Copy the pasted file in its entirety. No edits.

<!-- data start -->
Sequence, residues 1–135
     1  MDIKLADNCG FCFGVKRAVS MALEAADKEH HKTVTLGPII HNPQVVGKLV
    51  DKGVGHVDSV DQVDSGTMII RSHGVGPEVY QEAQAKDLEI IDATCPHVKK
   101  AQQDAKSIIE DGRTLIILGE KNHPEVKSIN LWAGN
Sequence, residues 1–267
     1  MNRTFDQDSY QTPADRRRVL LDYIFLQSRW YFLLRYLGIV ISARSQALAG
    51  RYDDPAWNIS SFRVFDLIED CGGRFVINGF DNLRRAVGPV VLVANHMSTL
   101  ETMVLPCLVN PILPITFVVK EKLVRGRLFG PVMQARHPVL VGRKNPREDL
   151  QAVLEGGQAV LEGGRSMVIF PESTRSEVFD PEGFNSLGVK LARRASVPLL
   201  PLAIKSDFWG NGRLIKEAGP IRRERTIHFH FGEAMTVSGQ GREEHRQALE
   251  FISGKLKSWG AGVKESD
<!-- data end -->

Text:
Sequence, residues 1–135
     1  MDIKLADNCG FCFGVKRAVS MALEAADKEH HKTVTLGPII HNPQVVGKLV
    51  DKGVGHVDSV DQVDSGTMII RSHGVGPEVY QEAQAKDLEI IDATCPHVKK
   101  AQQDAKSIIE DGRTLIILGE KNHPEVKSIN LWAGN
Sequence, residues 1–267
     1  MNRTFDQDSY QTPADRRRVL LDYIFLQSRW YFLLRYLGIV ISARSQALAG
    51  RYDDPAWNIS SFRVFDLIED CGGRFVINGF DNLRRAVGPV VLVANHMSTL
   101  ETMVLPCLVN PILPITFVVK EKLVRGRLFG PVMQARHPVL VGRKNPREDL
   151  QAVLEGGQAV LEGGRSMVIF PESTRSEVFD PEGFNSLGVK LARRASVPLL
   201  PLAIKSDFWG NGRLIKEAGP IRRERTIHFH FGEAMTVSGQ GREEHRQALE
   251  FISGKLKSWG AGVKESD